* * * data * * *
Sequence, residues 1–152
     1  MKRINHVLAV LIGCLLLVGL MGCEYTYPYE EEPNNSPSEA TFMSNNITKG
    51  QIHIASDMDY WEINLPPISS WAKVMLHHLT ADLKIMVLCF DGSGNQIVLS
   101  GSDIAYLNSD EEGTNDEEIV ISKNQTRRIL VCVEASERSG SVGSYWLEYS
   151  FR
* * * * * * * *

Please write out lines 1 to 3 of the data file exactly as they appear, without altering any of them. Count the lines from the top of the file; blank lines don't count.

Sequence, residues 1–152
     1  MKRINHVLAV LIGCLLLVGL MGCEYTYPYE EEPNNSPSEA TFMSNNITKG
    51  QIHIASDMDY WEINLPPISS WAKVMLHHLT ADLKIMVLCF DGSGNQIVLS